Sect. II. The Solecism...

202

SECT. III. The Impropriety..

213

Part I. Impropriety in single Words.

ib.

Part II. Impropriety in Phrases .

224

CHAP. IV. Some graminatical Doubts in regard to English Construction stated

and examined.

227

CHAP. V. Of the Qualities of Style strictly Rhetorical.

237

CHAP. VI. Of Perspicuity..

239

SECT. I. The Obscure...

ib.

Part I. From Defect...

ib.

Part II. From bad Arrangement..

242

Part III. From using the same Word in different Senses.

245

Part IV. From an uncertain Reference in Pronouns and Relatives

246

Part V. Froin too Artificial a Structure of the Sentence

247

Part VI. From technical Terms...

ib.

Part VII. From long Sentences

248

SECT. II. The double Meaning ..

249

Part I. Equivocation

ib.

Part II. Ambiguity

253

Sect. III. The Unintelligible .

266

Part I. From Confusion of Thought

ib.

Part II. From Affectation of Excellence .......

268

Part III. From Want of Meaning ::::

270

Under this the various kinds of Nonsense ;

1. The Puerile

271

2. The Learned

272

3. The Profound.....

4. The Marvellous

276

CHAP. VII. What is the Cause that Nonsense so often escapes being detected,

both by the Writer and by the Reader ?

278

SECT. I. The Nature and Power of Signs, both in speaking and in thinking.. ib.

Sect. II. The Application of the preceding Principles

287

THE DISCRIMINATING PROPERTIES OF ELOCUTION.

CHAP I. Of Vivacity as depending on the Choice of Words ....

307

Sect. I. Proper Terms ....

............. ib.

SECT. II. Rhetorical Tropes

315

Part I. Preliminary Observations concerning Tropes ..................... ib.

Part II. The different Sorts of Tropes conducive to Vivacity

1. The Less for the more General

......... ib.

2. The most interesting Circumstance distinguished... ............... 322

3. Things Sensible for things Intelligible..

325

4. Things Animate for things Lifeless

327

Part III. The Use of those Tropes which are obstructive to Vivacity 331

SECT. III. Words considered as Sounds.....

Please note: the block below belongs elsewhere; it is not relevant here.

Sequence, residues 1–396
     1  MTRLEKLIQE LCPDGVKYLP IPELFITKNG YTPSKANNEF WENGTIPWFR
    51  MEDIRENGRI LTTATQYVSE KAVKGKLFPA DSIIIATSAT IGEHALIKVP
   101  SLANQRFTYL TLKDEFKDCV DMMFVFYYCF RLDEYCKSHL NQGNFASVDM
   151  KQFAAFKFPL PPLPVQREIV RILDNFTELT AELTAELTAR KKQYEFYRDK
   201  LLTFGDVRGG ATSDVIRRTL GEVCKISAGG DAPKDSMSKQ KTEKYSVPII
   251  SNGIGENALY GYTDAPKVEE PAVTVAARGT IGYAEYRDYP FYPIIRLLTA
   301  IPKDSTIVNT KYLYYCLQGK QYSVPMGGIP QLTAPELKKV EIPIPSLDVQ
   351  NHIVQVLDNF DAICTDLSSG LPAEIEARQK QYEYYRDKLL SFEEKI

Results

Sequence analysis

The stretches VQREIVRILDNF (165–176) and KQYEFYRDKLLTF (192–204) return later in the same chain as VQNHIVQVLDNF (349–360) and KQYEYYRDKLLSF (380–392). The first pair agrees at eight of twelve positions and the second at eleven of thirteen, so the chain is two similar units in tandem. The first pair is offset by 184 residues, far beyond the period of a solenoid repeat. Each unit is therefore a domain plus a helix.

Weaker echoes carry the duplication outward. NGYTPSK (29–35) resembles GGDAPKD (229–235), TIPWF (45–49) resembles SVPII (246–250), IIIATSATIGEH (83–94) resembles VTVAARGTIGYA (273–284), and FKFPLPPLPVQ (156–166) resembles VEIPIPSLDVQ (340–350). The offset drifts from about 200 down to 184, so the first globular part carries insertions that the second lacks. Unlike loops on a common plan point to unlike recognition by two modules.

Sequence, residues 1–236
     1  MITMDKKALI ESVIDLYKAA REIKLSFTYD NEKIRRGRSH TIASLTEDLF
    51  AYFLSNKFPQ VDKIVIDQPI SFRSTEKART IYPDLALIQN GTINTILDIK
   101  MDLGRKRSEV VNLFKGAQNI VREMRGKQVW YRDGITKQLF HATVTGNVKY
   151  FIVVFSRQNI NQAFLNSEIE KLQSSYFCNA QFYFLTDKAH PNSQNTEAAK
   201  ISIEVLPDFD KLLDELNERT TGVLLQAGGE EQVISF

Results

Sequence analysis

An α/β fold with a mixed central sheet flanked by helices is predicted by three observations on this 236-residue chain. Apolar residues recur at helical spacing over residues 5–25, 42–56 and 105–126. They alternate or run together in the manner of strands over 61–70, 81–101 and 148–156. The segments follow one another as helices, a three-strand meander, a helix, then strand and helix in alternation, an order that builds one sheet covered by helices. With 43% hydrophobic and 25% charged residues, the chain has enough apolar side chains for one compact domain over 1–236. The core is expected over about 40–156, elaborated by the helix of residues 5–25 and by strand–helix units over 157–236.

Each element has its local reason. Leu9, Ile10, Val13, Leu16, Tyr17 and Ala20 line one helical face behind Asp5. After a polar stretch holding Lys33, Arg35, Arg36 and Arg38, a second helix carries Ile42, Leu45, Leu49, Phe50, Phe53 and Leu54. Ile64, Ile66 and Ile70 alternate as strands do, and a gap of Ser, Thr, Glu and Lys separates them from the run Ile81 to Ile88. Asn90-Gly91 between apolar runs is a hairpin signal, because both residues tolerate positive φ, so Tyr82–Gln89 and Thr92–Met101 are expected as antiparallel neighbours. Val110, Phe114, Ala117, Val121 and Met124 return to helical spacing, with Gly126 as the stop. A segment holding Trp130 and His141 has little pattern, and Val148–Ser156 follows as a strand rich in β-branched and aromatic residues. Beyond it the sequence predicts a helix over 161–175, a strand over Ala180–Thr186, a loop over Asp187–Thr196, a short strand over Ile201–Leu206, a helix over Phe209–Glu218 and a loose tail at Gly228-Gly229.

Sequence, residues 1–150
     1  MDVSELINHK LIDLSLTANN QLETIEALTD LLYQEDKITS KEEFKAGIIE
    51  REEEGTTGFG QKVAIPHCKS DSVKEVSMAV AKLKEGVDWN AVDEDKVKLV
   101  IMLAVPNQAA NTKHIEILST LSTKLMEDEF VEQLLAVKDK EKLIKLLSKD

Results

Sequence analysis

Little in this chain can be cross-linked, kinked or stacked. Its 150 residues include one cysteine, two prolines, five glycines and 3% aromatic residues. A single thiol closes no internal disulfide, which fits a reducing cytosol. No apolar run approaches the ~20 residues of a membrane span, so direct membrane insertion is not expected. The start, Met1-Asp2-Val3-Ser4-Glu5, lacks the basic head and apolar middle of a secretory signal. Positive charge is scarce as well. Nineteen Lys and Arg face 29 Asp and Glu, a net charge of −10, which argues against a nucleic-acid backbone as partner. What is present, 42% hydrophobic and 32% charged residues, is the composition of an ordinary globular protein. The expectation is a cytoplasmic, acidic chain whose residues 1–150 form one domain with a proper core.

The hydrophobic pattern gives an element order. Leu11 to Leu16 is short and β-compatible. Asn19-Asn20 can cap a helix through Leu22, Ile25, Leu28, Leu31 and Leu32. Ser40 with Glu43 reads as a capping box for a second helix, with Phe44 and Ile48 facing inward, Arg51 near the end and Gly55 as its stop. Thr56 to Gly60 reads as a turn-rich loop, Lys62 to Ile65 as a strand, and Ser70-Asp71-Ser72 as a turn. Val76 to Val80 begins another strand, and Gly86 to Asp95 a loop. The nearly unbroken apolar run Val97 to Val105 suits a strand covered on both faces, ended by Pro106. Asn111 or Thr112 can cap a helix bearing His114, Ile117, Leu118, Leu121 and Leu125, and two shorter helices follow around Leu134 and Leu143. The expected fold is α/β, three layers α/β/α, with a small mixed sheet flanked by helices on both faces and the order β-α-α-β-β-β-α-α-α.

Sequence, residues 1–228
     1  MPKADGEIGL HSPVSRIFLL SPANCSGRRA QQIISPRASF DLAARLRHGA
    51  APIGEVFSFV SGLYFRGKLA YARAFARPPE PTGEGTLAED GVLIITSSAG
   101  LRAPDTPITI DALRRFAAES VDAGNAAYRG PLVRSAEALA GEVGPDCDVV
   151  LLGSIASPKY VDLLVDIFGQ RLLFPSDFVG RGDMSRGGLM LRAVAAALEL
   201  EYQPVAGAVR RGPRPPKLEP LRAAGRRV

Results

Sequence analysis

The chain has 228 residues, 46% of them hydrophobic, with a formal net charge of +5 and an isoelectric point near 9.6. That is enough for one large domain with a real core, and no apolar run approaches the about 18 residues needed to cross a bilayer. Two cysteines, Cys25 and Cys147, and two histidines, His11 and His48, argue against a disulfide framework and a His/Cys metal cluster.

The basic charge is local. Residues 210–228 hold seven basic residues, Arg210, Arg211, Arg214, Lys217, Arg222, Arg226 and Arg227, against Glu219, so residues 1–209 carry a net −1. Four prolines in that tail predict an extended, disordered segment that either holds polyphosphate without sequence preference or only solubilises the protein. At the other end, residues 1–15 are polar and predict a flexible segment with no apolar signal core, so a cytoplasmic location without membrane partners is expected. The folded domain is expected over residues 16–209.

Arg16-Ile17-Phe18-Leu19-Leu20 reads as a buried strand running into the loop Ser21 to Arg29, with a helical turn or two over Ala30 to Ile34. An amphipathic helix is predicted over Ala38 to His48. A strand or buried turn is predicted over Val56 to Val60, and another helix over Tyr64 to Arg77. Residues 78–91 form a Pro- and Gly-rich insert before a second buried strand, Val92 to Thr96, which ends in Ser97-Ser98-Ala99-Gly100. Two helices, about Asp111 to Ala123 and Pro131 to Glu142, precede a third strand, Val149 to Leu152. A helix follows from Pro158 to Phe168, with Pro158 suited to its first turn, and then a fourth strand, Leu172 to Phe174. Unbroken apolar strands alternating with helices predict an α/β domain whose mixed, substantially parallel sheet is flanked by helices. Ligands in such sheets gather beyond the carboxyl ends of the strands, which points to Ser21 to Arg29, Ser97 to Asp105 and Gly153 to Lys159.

338

Part I. What are articulate Sounds capable of imitating, and in what Degree ? 339

Part II. In what Esteem ought this kind of Imitation to be held, and when

ought it to be attempted?..

...... 351

CHAP. II. Of Vivacity as depending on the Number of the Words............ 353

SECT. I. This Quality explained and exemplified...

ib.

SECT. II. The principal Offences against Brevity considered

358

Part 1. Tautology.

ib.

Part II. Pleonasm .................................................... 360

Part III. Verbosity

CHAP. III. Of Vivacity as depending on the Arrangement of the Words 372

SECT. I. Of the Nature of Arrangement, and the principal Division of Senten-

SECT. II. Simple Sentences............................................. 374

SECT. III. Complex Sentences ...

388

Part I. Subdivision of these into Periods and loose Sentences

ib.

Part II. Observations on Periods, and on the Use of Antithesis in the Compo-

sition of Sentences ........

292

Part III. Observations on loose Sentences...

.... 401

Part IV. Review of what has been deduced above in regard to Arrangement 403

CHAP. IV. Of the Connectives employed in combining the Parts of a Sentence 404

Sect. I. Of Conjunctions

SECT. II. Of other Conuectives........

411

Sect. III. Modern Languages compared with Greek and Latin, particularly in

regard to the Composition of Sentences..

419

CHAP. V. Of the Connectives employed in combining the Sentences in a Dis.

course ..

423

SECT. I. The Necessity of Connectives for this Purpose

ib.

SECT. II. Observations on the Manner of using the Connectives in combining

Sentences ................

424